The microbiome, or the bacteria that inhabit the digestive tract, play a role in transit time. Some people have an imbalance in their gut bacteria, with few if any beneficial bacteria inhabiting their guts. Encouraging healthy bacteria by feeding them properly can help. Fiber, especially soluble fiber, is good food for the bacteria and can help ease constipation. A large portion of stool is actually made of bacteria, which can ease passage through the intestines. Foods higher in soluble fiber include beans (black and lima beans are particularly good), whole oats, Brussels sprouts, turnips, sweet potatoes, yucca, plantain, oranges, passion fruits, avocado, bananas, ground flax seed, chia seeds, and psyllium husk. This is by no means a complete list, and most fruits and vegetables contain a mixture of soluble and insoluble fiber. Eating more vegetables and fruits in general is a good idea.
Fiber, however, can be a double-edged sword. Certain types of carbohydrates called FODMAPs (topic for a future article) can be irritating to some with IBS and are best minimized until healing has taken place. And there will be exceptions and times when increasing fiber is not appropriate. It can easily get complicated.
Check your carbohydrate intake. Have you recently switched to a lower-carb, Paleo-type diet and experienced uncomfortable constipation? If so, you may be restricting carbohydrates too much. Eating whole-food carbohydrates generally brings more water into the intestines, making stools easier to pass.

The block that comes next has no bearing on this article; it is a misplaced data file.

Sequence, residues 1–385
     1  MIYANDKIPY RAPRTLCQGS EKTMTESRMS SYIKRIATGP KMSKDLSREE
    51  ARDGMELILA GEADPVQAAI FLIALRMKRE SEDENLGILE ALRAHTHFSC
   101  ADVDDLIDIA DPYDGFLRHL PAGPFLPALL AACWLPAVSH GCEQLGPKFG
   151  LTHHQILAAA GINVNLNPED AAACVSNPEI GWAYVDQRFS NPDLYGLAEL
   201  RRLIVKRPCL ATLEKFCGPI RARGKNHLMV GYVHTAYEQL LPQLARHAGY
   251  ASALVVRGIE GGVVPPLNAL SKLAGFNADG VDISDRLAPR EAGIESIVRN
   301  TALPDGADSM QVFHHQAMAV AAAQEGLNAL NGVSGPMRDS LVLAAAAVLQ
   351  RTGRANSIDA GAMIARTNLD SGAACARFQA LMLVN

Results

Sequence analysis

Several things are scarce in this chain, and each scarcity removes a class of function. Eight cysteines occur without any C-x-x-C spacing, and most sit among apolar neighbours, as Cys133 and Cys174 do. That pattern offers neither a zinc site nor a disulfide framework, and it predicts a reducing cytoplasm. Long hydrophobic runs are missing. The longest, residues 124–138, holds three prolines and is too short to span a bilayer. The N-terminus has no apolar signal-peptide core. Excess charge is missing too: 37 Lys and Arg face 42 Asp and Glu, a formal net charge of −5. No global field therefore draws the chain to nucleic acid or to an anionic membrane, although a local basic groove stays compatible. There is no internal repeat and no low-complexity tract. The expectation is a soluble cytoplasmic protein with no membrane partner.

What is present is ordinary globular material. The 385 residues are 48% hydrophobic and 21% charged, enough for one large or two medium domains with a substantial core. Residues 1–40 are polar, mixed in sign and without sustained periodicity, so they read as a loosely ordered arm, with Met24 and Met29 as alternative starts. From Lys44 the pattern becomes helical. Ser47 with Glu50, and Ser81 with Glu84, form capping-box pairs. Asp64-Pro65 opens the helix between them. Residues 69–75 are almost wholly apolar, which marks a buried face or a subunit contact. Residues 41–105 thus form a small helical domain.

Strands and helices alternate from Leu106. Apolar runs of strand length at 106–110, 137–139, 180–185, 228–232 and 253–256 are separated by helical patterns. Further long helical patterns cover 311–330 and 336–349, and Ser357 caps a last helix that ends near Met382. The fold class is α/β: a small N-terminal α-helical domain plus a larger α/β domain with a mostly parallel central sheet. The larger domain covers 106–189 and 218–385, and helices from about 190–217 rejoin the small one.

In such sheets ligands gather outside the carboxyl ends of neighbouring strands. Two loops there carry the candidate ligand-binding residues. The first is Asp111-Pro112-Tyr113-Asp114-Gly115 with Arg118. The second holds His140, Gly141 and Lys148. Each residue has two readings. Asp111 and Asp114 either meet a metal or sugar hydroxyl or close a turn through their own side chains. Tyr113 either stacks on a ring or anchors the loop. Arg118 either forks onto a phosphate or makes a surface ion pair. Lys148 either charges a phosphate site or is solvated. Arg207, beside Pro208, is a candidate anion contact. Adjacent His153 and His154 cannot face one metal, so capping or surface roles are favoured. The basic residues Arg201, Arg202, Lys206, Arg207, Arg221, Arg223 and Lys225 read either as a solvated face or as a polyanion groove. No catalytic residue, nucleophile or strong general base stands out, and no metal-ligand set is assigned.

Supplements that are helpful for constipation are numerous. Digestive enzymes, probiotics, prebiotics, mucilaginous herbs such as marshmallow root and slippery elm, and magnesium are some of many choices available. They can all be helpful depending on one’s individual deficiencies and needs. Though not a supplement a warm cup of water (with or without lemon) or a warm cup of tea upon waking can be helpful as well.
Mind and Body
Physical exercise can increase regularity by gently massaging the intestines. It is also important to listen to your body. When you get signals to move your bowels, do not put it off. If you defer your body’s needs repeatedly, your body may eventually fail to respond normally to these signals. Stress management can also play a role. Reducing stress as much as possible and using mind-body therapies such as meditation, yoga, qi-gong, and deep breathing exercises can all be useful.
Constipation can be incredibly frustrating to manage considering all of the potential causes and management options available. The good news is that many therapies can be extremely helpful, and there is no need to be embarrassed. If trials at home do not ease your symptoms, consider speaking with a knowledgeable healthcare provider. Treatment options go well beyond the scope of this article, and each person is an individual with unique needs and considerations.
The information provided in this article is intended for general use only and is not to be used in place of medical advice from a licensed health professional.